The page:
Websites and apps are worth a lot, that should be obvious by now. Back in 2012, Instagram raked in $1 billion when Facebook decided it was about time to buy out its competition. In 2005, Rupert Murdoch bought Myspace for $580 million, and even Bebo, which was by this point pretty much redundant, managed to go for $1.3 billion in 2008.
I know we're supposed to be a digital generation or something, but it still seems weird to spend millions—nay, billions—on things that don't physically exist outside of the dots and dashes on your screen. Take away the internet and what do "Facebook," "Myspace," and "Instagram" even mean? The internet's a self-sustaining economy, a world invented and then monetized and now pretty much all pervasive. If the Internet went away tomorrow not only would I be out of a job, I'd probably also be hit with a severe identity crisis, desperately clinging to those Facebook photos I allowed to replace my memories like a stubborn child clings to a lamppost.
Anyway, the point is King Digital Entertainment, the company behind Candy Crush, announced this morning it is selling to Activision Blizzard for the stupid figure of $5.9 billion. Let me emphasize that: the company best known for making Candy Crush—a game played by commuters trying to assuage their social awkwardness and avoid eye contact with the person opposite—was bought for5.9 billion dollars. A figure so large I literally just had to type it into Google to figure out how many zeros it had. But when you consider that last year, the users of the app spent roughly $1.3 billion on in-app purchases, that figure begins to make more sense.
Still, the problem is I don't understand what big numbers mean. That's why politicians throw them around so easily. A million, $100 million: It's all the same to me. So how many things could you buy for $5.9 billion? An island? A football team? A trip to Mars? Here's what I found that amount of cash can get you:
504 Luxury Tropical Islands ($11 Million)
Back in 1978, Richard Branson bought Necker Island off the coast of Puerto Rico for a scoop at £117,000 [$180,000]. An estimated £6.5 million [$10 million] spent on developing the island's infrastructure brings that total up to £7.15 million [$11 million] including all the standards: tennis court, helipad, and a palatial Balinese-style villa. That might sound like a lot to your unadjusted brain, but within the silicone valley world that's 1/504 of King Digital Entertainment or in layman's terms "peanuts."
Two Mars Rover Missions
Meanwhile an actual, physical, interplanetary space mission to Mars cost NASA $2.47 billion. That's right, a journey into outer space cost half as much as a digital company responsible for creating a game in which you move virtual shapes around a screen. Sure, a trip to Mars is probably a waste of money too, but at least it's money being used to actually achieve something, not moving a set of pixels up and down so you don't have to think about your life.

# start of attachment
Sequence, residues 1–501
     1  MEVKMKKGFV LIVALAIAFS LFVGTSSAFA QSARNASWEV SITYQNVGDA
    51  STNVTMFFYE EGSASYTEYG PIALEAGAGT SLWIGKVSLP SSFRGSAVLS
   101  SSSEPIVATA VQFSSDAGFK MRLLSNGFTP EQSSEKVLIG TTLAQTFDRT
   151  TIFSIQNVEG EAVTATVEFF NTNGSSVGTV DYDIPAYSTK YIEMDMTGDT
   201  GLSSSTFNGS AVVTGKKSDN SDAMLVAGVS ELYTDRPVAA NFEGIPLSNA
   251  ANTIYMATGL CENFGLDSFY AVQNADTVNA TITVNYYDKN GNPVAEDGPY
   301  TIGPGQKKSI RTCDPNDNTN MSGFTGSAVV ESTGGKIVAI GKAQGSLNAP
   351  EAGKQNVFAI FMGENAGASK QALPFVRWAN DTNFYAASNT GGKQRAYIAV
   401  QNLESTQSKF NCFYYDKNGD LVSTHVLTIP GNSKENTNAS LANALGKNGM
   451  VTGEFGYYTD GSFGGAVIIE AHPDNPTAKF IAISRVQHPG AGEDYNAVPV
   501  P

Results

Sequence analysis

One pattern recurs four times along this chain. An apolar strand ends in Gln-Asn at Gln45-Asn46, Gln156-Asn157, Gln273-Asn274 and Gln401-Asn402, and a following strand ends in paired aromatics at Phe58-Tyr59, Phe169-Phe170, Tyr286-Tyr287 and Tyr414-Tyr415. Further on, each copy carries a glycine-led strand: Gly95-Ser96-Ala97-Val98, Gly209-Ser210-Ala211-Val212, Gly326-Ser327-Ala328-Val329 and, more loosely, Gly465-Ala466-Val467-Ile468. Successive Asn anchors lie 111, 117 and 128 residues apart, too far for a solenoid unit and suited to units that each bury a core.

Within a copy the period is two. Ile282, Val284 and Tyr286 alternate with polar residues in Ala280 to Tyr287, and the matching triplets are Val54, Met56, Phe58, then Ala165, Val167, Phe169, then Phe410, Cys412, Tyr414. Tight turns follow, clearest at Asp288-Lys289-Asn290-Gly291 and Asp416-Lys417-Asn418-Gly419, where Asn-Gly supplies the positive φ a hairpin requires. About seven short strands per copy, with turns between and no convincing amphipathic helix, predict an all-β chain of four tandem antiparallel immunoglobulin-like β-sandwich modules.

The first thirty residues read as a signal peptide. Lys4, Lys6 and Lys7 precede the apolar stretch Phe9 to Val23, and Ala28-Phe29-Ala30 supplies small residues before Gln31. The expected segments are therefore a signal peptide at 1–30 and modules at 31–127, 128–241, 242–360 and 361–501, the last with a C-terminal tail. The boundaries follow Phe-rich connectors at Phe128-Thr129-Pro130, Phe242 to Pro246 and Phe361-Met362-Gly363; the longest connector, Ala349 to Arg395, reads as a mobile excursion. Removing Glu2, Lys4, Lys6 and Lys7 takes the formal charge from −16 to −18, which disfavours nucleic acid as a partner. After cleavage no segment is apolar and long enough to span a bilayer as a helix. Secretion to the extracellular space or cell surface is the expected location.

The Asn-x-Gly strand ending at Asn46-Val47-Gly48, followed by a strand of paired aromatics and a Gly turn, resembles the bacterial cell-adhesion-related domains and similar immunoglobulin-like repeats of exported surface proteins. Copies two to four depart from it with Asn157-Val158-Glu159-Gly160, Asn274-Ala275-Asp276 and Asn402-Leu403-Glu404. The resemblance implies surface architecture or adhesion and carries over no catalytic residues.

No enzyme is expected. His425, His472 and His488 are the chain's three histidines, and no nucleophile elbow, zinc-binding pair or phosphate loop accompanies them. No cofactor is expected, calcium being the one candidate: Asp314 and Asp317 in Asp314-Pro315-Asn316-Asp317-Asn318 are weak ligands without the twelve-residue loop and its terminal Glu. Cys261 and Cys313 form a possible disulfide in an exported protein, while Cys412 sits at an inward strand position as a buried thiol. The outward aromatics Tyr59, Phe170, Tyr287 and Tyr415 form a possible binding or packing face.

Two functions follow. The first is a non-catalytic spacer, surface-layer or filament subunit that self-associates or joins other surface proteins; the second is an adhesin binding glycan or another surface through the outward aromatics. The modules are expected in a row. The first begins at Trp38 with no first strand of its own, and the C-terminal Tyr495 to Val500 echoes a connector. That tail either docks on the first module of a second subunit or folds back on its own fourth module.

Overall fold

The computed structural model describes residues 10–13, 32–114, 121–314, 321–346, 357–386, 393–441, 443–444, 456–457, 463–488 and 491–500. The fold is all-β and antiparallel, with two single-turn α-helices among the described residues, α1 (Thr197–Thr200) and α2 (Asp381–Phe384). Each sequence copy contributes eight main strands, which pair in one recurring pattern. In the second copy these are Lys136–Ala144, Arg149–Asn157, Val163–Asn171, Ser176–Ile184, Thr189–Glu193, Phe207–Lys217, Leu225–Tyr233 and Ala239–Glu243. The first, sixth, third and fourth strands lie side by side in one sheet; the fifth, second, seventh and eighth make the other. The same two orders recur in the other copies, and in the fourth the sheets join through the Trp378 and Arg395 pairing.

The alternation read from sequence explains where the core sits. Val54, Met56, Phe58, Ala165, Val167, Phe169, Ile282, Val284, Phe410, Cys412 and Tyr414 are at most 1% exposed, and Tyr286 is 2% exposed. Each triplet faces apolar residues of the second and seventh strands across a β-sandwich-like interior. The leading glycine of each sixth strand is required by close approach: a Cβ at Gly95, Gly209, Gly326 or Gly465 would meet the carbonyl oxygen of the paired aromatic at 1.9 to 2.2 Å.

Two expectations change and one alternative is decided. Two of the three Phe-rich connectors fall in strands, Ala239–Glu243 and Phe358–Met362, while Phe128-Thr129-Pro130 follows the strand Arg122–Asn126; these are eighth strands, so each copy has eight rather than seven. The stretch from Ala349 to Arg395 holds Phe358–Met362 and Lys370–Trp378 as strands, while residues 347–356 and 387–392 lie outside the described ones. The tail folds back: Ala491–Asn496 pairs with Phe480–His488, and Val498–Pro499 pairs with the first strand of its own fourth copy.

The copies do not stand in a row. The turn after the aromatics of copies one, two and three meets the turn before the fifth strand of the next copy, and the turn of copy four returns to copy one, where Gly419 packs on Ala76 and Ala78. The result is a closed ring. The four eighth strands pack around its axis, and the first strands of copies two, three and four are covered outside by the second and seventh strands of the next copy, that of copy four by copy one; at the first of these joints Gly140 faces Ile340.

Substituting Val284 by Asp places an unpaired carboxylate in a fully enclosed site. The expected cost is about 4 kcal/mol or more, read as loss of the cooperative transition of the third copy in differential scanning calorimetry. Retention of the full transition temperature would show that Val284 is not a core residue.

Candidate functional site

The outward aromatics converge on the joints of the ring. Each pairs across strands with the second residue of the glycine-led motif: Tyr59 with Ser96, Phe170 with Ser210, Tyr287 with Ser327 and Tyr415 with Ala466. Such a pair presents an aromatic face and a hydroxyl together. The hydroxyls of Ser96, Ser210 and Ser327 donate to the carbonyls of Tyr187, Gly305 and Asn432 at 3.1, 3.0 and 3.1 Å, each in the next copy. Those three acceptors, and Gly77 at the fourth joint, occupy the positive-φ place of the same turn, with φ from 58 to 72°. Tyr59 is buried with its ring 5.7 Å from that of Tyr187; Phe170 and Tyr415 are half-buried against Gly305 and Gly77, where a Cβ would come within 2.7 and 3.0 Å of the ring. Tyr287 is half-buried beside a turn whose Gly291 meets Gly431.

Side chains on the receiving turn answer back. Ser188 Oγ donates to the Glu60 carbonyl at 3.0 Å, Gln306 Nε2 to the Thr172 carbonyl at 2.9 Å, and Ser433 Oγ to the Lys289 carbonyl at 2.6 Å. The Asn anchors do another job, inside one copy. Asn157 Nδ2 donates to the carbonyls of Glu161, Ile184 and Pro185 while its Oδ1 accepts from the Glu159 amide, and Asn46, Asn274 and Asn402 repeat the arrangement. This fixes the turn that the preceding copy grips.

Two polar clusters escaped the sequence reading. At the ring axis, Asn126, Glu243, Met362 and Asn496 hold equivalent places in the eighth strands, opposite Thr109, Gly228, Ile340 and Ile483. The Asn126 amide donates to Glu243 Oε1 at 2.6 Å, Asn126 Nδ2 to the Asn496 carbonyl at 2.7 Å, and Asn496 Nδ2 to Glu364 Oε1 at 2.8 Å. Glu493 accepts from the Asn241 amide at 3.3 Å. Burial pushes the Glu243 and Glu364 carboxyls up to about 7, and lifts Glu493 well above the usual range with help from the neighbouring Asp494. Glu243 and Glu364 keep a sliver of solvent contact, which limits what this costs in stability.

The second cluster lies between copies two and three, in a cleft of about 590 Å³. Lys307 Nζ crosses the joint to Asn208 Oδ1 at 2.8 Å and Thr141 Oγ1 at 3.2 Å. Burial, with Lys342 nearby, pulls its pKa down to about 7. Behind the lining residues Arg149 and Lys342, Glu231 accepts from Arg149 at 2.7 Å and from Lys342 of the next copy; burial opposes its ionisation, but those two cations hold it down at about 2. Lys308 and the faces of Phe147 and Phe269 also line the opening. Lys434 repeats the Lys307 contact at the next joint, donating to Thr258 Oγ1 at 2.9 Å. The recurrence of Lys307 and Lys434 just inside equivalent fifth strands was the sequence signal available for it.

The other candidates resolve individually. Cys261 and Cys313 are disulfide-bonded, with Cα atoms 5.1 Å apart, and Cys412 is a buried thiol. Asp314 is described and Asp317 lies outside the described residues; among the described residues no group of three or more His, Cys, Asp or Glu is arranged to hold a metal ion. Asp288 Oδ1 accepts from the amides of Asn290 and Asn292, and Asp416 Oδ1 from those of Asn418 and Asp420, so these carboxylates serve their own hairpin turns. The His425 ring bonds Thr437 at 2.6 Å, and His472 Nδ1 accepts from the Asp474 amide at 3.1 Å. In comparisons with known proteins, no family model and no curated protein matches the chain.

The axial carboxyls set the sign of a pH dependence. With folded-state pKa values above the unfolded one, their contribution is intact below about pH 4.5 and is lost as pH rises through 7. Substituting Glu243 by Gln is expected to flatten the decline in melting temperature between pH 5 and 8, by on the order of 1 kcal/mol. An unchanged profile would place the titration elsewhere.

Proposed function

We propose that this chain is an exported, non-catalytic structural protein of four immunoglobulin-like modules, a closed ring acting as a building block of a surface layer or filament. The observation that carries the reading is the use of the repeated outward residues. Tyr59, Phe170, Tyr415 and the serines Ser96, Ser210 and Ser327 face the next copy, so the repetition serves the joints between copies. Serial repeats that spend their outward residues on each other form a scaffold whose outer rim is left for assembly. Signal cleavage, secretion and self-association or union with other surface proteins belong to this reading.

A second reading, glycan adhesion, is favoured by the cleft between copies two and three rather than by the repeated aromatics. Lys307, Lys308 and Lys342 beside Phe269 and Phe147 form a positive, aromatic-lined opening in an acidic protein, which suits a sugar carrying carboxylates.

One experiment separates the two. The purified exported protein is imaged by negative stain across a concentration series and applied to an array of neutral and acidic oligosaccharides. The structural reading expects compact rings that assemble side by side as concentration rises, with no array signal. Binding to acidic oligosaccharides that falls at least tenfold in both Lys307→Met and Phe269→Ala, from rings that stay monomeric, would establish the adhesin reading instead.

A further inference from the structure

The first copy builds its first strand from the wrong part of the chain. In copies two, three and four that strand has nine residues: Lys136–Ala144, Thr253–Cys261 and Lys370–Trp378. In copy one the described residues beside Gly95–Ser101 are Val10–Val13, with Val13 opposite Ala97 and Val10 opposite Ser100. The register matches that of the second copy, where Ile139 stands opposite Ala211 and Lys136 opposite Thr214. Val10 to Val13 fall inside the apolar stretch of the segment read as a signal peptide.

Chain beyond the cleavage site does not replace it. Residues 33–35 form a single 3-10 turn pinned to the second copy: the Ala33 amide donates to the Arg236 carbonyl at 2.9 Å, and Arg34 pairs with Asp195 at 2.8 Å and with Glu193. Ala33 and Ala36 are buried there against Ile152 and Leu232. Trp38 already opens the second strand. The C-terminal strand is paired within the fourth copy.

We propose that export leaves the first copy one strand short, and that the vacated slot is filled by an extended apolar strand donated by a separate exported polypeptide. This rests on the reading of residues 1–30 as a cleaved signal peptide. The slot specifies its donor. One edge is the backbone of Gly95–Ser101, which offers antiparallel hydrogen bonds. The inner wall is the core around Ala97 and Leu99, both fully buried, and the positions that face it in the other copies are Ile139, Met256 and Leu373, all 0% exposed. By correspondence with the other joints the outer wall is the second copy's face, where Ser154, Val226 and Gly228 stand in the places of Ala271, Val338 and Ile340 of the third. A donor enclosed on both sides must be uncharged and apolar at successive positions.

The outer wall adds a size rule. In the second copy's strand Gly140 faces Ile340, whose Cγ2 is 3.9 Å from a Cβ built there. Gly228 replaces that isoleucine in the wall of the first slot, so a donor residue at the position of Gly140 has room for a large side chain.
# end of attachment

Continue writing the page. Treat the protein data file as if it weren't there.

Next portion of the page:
172 Glastonbury festivals ($5.8 billion)
Though the festival famously barely cuts a profit, Michael Eavis admitted in 2008 that it costs about £22 million [$34 million] a year to put on. That's not too shoddy for a festival with a population the size of Brighton, and it still only costs 1/172ndth of the price of Candy Crush.
One and a bit Manchester United FCs ($3.5 Billion)
The beautiful game get's a hard time for its excesses, but compared to Candy Crush, FIFA's really dealing with small potatoes. Take Manchester United for example. At just £2.3 billion [$3.5 billion] net worth, you could be forgiven for thinking it's a youth league team and not a Premier League squad with a more than sizable fan base.
49 copies of Munch's 'The Scream' ($5.8 billion)
Edvard Munch's profound depiction of man's alienation in a world beyond comprehension is the 11th most expensive painting ever sold, going for $119.9 milllion back in 2012. That means you could buy it 48 times over for the same price as King Digital Entertainment. Or you could numb the pain of existence by moving some cartoon diamonds around a 3.5-inch screen.
Eight and a half Shards ($5.8 billion)
If shiny glass protrusions funded by Quatari billionaires is more your cup of tea, £3.8 billion [$5.8 billion] could pay the contract costs for approximately eight-and-a-half Shards. Because nothing says money well spent like pointless skyscrapers blighting London's skyline.
Ten Olympic stadiums ($5.9 billion)
On the topic of dubious decisions made by the Mayor of London, for $5.9 billion you could evict a couple of hundred people from their homes and build ten Olympic stadiums.
One and a half HSBC Bankers Bonuses
For the same amount Activision Blizzard paid for King Digital, you could have paid all the bonuses for HSBC bankers during the year 2015 and still have a million left over. That said, you would not have been able to pay off the £500 billion [$770 billion] injected by the taxpayer after the financial crash in 2008.